Wolverine are an invigorating breath of fresh air. Although having their origins in death metal, the cradle which once rocked this Swedish based band has been well and truly left behind as, by their own confession, they have relentlessly explored inventive, progressive and melodic pathways as expressions of their music. They first appeared on my radar with the release of their previous album Communication Lost in 2011, since which time I have happily immersed and contentedly lost myself in their back catalogue whilst waiting (not always) patiently to see where the journey will take them next.
Communication Lost is a hugely expressive, passionate and at times deeply stirring album which traverses moody, destitute and forlorn landscapes, capturing soulful atmospheres that blend and coalesce complex combinations of power, foreboding and even menace with at times the most delightful melodies and captivating symphonic harmonies. It is an album which brilliantly epitomises and exemplifies their ‘sound’ and, in the process, marks them out as engaged in a project which stands uniquely apart from the ever increasing number of other bands traversing similar waters.
Five years later we have the release of their fifth studio album Machina Viva which not only confirms the work of the previous album as foundational in shaping the vision and musical direction of the band but which also marks yet another significant progression in directions which are unexpected, captivating and often chillingly beautiful. The dark, sullen atmosphere and permeating moodiness now serve at all levels as a vehicle to express refined, dynamic, penetrating layers of rippling textured melodies and instrumental voices which shine as soothing lights in the darkness.
At the heart of it all is an immaculately clean sound presented with cutting crystal clarity. Not only have both Communication Lost and Machina Viva had exemplary levels of audiophile attention lovingly lavished on them, but in so doing, the recording reveals and exposes to maximum effect the way the band is set up and how the instruments are balanced and interact with each other. Everything is grounded in and built around the drums. Founder Marcus Losbjer sets the distinctiveness of the tone with intricate, complex, almost tribalistic rhythms which energise and incite the participation of the others and which the recording isolates, promotes and places firmly centre stage.
Jonas Jonsson’s guitar is often used to provide a stark contrast in offsetting the heaviness of the drums, adding a refined and elaborate layer of lighter melody. Thomas Jansson on bass oscillates between adding vivid, sonorous depth to the rhythm of the drums or building balance with the guitar work and widening the soundscape. Similarly Per Henriksson’s keyboards weave enveloping patterns which can simultaneously overlay as well as underlay the central sound stage giving an expansive intensity to the atmosphere. Co-founder Stefan Zell’s vocal work is unmistakable, a palpable presence and convincing character behind the insightful and pointed lyrical narratives.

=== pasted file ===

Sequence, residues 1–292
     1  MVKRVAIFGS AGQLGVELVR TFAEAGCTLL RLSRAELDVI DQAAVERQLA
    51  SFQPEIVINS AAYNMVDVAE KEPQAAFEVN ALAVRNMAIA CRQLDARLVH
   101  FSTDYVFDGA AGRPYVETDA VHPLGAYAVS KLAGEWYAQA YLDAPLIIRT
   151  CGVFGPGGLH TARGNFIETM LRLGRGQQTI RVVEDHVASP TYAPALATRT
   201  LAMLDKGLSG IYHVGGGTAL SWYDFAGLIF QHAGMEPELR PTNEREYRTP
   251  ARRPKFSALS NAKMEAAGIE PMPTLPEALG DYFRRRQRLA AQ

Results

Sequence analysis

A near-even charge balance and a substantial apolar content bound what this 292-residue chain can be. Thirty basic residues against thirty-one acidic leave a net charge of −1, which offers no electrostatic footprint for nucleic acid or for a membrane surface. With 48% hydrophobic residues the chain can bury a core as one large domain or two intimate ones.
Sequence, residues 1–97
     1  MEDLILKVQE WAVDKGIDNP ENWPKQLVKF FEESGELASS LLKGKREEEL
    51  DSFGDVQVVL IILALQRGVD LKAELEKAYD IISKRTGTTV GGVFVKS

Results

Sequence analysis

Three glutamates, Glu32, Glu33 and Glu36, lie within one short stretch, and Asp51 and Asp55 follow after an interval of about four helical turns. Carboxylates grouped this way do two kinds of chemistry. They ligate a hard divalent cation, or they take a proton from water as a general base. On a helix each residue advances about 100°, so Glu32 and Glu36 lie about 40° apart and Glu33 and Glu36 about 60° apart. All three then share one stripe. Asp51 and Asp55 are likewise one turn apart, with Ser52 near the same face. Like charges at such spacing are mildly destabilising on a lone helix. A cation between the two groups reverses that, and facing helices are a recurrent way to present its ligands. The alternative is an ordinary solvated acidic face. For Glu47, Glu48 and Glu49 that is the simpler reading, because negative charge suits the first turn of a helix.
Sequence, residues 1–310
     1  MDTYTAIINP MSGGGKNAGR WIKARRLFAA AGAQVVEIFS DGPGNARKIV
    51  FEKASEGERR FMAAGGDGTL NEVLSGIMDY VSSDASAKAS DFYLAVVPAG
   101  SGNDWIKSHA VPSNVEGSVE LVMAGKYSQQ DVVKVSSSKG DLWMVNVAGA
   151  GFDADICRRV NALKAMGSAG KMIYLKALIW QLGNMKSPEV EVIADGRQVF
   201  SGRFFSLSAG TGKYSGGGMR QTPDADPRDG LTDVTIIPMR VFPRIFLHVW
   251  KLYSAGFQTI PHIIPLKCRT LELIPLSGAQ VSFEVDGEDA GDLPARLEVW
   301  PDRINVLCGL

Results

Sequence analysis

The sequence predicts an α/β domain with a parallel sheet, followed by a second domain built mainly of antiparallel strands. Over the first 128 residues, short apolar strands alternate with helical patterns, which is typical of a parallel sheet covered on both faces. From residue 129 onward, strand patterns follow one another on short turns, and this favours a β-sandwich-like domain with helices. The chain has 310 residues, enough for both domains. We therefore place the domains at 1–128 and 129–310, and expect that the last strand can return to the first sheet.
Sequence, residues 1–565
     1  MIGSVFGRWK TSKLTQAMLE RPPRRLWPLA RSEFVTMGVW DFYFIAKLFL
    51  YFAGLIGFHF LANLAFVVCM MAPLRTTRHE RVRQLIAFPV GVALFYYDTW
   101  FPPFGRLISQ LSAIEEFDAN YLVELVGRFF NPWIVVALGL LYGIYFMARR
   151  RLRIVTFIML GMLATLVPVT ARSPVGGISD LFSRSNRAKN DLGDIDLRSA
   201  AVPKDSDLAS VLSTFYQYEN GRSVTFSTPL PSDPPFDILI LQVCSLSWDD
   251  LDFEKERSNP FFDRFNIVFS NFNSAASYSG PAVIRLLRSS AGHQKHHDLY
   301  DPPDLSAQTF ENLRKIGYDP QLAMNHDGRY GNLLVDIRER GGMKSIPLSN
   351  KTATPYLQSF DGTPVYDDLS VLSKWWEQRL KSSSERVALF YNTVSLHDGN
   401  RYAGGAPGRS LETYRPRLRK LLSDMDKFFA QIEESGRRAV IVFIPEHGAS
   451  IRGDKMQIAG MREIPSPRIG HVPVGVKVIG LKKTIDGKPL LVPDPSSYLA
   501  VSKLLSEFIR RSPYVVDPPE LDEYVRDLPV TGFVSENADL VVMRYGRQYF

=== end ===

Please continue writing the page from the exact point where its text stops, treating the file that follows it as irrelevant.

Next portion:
What this allows them to do is explore more fully their progressive journey in terms of how these narratives are composed, structured and performed. Machina Viva is a wonderful and confident demonstration of a band who are grasping the possibilities of what their music is allowing them to do. There is a more confident sense of insight, discernment and purpose behind the telling of the stories. The Bedlam Overture, opening the album at the best part of a tasty 15 minutes, is an exhilarating showcase to the band’s growing confidence to create shifting narratives and twisting plots in and through creative and complex musical transitions.
The album also attests, I think for the first time, to the diversity of creativity and influences which are displayed in the songs. Machina (Track 2) takes you completely by surprise when you suddenly realise you are hearing a vibrant and pulsating layer of electronica subtly incorporated into the arrangement. Our Last Goodbye (Track 4) leaves you breathless just at the point where some listless orchestration on the French Horn subtly emerges from the background. And the wonderfully relaxed Pile of Ash (Track 2) is reprised as a reflective piece for cello (Bonus Track 9).
Machina Viva represents both a significant as well as a discernible stepping stone in the development of a band who have already come a long way and, you feel, are beginning to enjoy the satisfaction of what they are doing now and the anticipation of the possibilities for what lies ahead. My one concern? I’m not sure I have the patience to wait for another five years until the next album!
This review first appeared for The Progressive Aspect
The Bedlam Overture (14.39)
Pile of Ash (4.17)
Our Last Goodbye (7.44)
When the Night Comes (7.45)
Pile of Ash (Bonus Track – Cello Version) (4.56)
Per Henriksson – keyboards
Thomas Jansson – bass
Jonas Jonsson – guitars
Marcus Losbjer – drums
Stefan Zell – vocals
With appearances by
Per Broddesson – guitar solo (Track 1)
Jonas Eklund – French Horn (Tracks 1, 4)
Mikael Hessler – congas (Tracks 1, 5, 6, 7)
Stefan Moberg – cello (Tracks 6, 7)
Christian Moos – Chimes (Track 7)
Saskia Wikihalder Pettersson – Vocals (Track 4)
Label: Sensory Records (Laser’s Edge)
8th July 2016
Format: CD, Digital, Hi Res 24/96 version
Band Website: http://www.wolverine-overdose.com/